One of our "Most Spiritually Literate Films of 2008" and the winner of the "Best Picture" Academy Award, this film is directed by Danny Boyle, who received the "Best Director" Oscar. This picaresque tale centers around an immensely resilient and loving boy from the garbage-ridden slums of Mumbai whose adventures take him from the desolate poverty of begging on the streets to the wildly popular game show stage of "Who Wants to be a Millionaire?" where he surprises everyone with his knowledge. His story offers a panoramic view of India's rise as a country of fantastic contrasts from crowded cities to the stunning beauty of the Taj Mahal to the back rooms of telemarketers to the high-rises of Mumbai where business is thriving and creating a middle class yearning for more. The result is a phantasmagorical journey with a boy turned young man who throughout all his experiences maintains his natural goodness and his Eastern belief in destiny and love.

Jamal (Ayush Mahesh Khedekar) as a seven year old is a "slumdog" born in Mumbai and living with his Muslim mother and older brother, Salim (Azharuddin Mohammed Ismail), a born hustler. They possess a lot of energy and play amidst the mounds of garbage around the shantytown where they live. A high point in his early life is when he manages to get the signature of one of India's Bollywood screen stars; the means whereby he accomplishes this feat is a sign of his creativity and resilience. A low point in his early life is when his mother is brutally killed when anti-Muslim rioters overrun their slum. Jamal and Salim find themselves on the streets without any resources or hope. They pick up another orphan named Latika (Rubina Ali) whom Jamal immediately befriends. They see themselves as the Three Musketeers.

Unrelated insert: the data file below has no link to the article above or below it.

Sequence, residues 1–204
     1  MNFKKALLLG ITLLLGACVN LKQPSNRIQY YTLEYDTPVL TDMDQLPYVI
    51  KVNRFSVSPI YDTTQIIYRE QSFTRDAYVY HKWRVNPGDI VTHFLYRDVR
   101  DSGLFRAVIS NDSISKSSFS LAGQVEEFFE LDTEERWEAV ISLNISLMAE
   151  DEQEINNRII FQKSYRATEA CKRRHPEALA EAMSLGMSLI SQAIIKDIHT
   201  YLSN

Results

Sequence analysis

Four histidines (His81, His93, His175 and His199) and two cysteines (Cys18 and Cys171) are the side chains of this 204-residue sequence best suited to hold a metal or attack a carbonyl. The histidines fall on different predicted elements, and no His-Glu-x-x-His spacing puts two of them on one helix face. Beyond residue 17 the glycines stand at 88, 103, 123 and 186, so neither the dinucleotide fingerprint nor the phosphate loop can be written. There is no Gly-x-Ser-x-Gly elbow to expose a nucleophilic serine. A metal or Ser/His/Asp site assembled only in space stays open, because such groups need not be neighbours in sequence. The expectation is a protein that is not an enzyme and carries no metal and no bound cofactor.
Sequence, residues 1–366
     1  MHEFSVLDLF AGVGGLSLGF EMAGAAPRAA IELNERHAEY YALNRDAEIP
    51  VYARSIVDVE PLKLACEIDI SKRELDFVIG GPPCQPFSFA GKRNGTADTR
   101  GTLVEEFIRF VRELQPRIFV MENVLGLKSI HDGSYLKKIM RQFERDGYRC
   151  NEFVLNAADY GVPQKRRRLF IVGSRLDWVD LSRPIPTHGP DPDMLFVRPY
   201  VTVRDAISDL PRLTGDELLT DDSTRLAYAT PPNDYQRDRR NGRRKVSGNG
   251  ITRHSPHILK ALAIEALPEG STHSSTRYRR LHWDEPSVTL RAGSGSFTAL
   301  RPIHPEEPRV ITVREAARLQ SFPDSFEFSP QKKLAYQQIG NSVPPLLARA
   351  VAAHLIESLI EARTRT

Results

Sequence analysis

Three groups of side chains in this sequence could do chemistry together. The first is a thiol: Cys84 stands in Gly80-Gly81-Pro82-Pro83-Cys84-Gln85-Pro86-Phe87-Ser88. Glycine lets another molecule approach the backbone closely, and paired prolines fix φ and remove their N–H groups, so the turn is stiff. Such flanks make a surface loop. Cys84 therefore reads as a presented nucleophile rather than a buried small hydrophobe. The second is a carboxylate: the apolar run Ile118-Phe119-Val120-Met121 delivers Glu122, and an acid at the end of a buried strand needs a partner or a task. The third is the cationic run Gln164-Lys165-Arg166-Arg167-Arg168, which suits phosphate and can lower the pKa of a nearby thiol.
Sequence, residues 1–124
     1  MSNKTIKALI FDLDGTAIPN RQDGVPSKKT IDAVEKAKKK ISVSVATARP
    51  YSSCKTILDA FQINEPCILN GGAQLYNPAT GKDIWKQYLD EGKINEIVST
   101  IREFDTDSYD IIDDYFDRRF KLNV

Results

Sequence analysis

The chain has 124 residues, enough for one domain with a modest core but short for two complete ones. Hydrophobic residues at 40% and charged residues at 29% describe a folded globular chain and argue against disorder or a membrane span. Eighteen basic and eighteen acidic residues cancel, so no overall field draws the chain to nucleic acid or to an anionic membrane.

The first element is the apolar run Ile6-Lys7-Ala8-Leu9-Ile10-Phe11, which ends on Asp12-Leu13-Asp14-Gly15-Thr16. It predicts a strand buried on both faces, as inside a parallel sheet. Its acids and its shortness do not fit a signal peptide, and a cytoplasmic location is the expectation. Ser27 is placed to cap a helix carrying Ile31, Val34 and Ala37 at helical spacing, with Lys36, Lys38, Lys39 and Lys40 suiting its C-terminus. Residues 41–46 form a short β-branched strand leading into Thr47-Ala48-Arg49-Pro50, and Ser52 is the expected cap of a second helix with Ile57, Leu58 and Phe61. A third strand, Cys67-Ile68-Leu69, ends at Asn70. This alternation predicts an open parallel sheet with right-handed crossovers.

A dark cloud hangs over the lives of these three when they are abducted and taken into a criminal orphanage run by a nefarious entrepreneur who uses the kids as beggars. He encourages some of them to become singers and then gouges out their eyes because blind kids can bring in twice as much money as the others. When Salim discovers the danger they face, he leads Jamal and Latika in an escape. The two boys leap on a moving train but she doesn't make it and is recaptured.

As teenagers, Jamal (Tanay Hemant Chheda) and Salim (Ashutosh Lobo Gajiwala) learn more tricks of the trade of street survival by becoming tour guides at the Taj Mahal, making up their own version of the significance of the place. They also steal the shoes of Muslims in mosques and sell them for money. Jamal wants desperately to reconnect with Latika (Tanvi Ganesh Lonkar), and they return to Mumbai and find her working in a red-light district.

Jamal (Dev Patel) goes on to find employment as a "chai wallah," a boy who delivers beverages at a telemarketing firm. Salim (Madhur Mittal) lands a profitable job working for a wealthy gangster. On a visit to his brother, Jamal catches up with Latika (Freida Pinto) who is a plaything for Salim's boss. His plan is to become a contestant on India's version of "Who Wants to Be a Millionaire?" so he can always be with Latika, his soul mate.